As a result of human population growth and human need for resources, the landscape has been increasingly transformed and devastated by mining activities. Subsequent reactivations are thus extremely important in the process of restoring the disturbed biosphere. The objective of this study was to determine differences between original forest sites and reclamation sites afforested with Scots pine (Pinus sylvestris L.) in terms of stand structure, diversity, biomass, productivity and climatic resistance. Three different types of reclamation were compared in the Czech Republic – (1) a post-mining coal site, (2) a former sand quarry and (3) a reclaimed sand dune that had been used for pasture. At the comparable stand age of 40–46 years, the stand volume and biomass were higher by 22% and 19%, respectively, on original forest sites (370–500 m3 ha- 1, 332–422 t ha- 1) compared to reclamation sites (318–371 m3 ha- 1, 287–325 t ha- 1). On the contrary, structure and diversity were more complex and richer in reclaimed areas. Climatic factors had a higher effect on radial growth on reclamation sites compared to original forest sites, but no significant differences were observed between the variants in terms of the occurrence of negative pointer years (extreme deflection in growth). A lack of precipitation and long-term droughts in vegetation periods were the main limiting factors of growth. Comparing all reclamation variants, the highest productivity was found on the reclaimed coal-mine, and the lowest differences between forest and reclamation sites were documented in the reclaimed sand quarry case. In relation to climate change, Scots pine proved a very adaptive and suitable tree species whose wood production on reclaimed post-mining sites is comparable to the original forest sites. Pine afforestation of reclamation sites brings invaluable environmental and production benefits.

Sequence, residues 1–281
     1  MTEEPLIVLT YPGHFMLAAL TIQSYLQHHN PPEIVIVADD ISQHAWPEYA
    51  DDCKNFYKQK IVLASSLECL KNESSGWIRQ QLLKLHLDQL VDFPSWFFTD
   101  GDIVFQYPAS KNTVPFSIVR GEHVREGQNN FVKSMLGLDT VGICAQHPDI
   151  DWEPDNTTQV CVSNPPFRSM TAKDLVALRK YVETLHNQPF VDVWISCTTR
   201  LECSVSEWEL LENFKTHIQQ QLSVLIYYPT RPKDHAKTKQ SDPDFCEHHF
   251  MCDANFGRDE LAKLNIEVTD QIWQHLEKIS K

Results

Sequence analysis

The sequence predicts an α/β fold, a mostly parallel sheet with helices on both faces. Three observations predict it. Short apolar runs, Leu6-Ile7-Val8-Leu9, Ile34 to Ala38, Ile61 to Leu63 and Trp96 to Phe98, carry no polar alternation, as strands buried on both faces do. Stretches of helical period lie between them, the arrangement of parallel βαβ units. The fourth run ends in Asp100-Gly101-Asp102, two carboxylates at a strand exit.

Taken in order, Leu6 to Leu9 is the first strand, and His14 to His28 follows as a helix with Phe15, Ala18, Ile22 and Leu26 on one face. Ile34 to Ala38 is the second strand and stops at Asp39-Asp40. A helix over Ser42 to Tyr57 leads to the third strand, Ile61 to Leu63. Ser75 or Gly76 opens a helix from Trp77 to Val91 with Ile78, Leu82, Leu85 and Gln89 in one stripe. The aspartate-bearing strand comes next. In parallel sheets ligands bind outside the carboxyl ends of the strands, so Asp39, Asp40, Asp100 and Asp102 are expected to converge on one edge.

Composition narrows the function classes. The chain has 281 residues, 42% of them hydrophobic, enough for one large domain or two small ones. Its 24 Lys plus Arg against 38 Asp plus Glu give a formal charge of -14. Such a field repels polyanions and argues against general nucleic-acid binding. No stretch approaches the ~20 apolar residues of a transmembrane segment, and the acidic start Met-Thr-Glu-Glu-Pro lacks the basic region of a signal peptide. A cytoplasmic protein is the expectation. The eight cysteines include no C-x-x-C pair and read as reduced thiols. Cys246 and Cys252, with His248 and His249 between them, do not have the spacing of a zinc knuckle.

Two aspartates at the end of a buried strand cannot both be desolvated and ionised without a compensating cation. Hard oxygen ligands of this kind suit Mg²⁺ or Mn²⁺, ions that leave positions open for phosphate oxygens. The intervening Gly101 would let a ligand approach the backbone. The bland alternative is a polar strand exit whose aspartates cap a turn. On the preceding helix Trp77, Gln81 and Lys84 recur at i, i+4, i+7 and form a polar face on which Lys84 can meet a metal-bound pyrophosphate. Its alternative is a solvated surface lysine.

Vacek, Z. – Linda , R. – Cukor, J. – Vacek, S. – Šimůnek, V. – Gallo, J. – Vančura, K. (2021): Scots pine (Pinus sylvestris L.), the suitable pioneer species for afforestation of reclamation sites? Elsevier.